It’s perhaps fair to say that this is unfocused and risks causing the viewer to lose interest. Who do you identify with when you’re being bumped around between various characters you barely know. This is on purpose though, despite what some would say. Kevin Smith is attempting to recreate the panicked and confused atmosphere of a Waco like disaster. But whilst he has a good idea how to carry this out he fumbles the landing. What this film does manage expertly though is to always be surprising. I challenge anyone to guess where this film heads within the first 10 minutes. I won’t ruin it but lets just say that if it wasn’t for budgetary constraints the film would have had a much more unpredictable climax.
Most of the cast pull off their roles well, clearly investing themselves in the film fully. It is Michael Parks however that steals the show. His hate filled monologue at the start of the film’s second act is, while quite lengthy, chilling and expertly delivered. It is paced and timed to slowly build the anticipation of the oncoming horror whilst making sure that that feeling you get in your gut when you know something is just plain wrong is firing away like Yosemite Sam. Abin Cooper is an evil man and there’s no questioning that. Who’d have thought that Smith could write a genuinely chilling villain. It’s thanks to Smith remembering the one thing that always makes a villain work and that’s their conviction in what they believe as being right. Without that a villain doesn’t strike those same chords. Unlike some villains though there’s no questioning that Abin is wrong in every way.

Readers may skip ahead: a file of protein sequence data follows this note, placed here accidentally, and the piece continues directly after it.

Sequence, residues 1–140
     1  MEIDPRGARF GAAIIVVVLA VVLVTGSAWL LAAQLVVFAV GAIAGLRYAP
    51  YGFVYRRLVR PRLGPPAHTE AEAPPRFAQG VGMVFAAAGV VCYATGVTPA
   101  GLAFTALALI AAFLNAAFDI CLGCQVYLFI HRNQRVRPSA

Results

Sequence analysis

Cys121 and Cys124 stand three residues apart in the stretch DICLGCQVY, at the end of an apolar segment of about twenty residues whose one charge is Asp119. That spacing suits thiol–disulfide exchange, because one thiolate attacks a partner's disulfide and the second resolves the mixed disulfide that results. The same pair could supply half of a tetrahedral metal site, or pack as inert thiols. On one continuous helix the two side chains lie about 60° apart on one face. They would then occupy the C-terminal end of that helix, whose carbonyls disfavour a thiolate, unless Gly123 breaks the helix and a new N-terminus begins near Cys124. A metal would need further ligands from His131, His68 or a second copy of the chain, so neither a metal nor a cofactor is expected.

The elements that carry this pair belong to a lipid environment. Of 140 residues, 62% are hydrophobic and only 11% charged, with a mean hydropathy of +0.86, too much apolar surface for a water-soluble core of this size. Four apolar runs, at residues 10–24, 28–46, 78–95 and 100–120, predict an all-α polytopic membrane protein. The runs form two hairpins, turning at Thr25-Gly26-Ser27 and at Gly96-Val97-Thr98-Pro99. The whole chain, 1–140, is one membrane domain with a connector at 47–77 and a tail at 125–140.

I’ve reviewed quite a few low budget films on here since I started this little blog around 9 months ago. Shot with just $4million to it’s budget Red State certainly looks it. But it does not by any means look bad. Smith isn’t directing this in the same two-shots and shot-reverse-shot format as all his other films. The film is a clear statement by him that he can adapt to different styles as needed. It’s a shame that Smith is planning to retire form directing after he completes Hit Somebody as I’d certainly like to see his take on other genres beyond comedy. If he can approach them with as much of a tonal shift in his style as he has with red State I think he could really develop as a director beyond what he’s shown to us so far.
Red State is by no means a great film. It is a messy film that does fail to tell a truly coherent story. But it’s engaging, interesting and has plenty to say. It is constantly surprising and is by far Smith’s most daring film. Hell, there aren’t many films this daring being made by established directors anywhere in the Western world. Even Cronenberg has stopped doing his grotesque form of body horror. Although I suppose in his case you could argue that not doing that is daring for him in much the same way as The Straight Story was daring for Lynch to put out at that point in his career. Overall red State is a unique film that is more about an event that escalates from bad to worse to terrible over the course of a few hours. It has something to say about religious extremism and the Governments that rule over our lives. A film that is worth seeing for it’s uniqueness but maybe not for every Kevin Smith fan.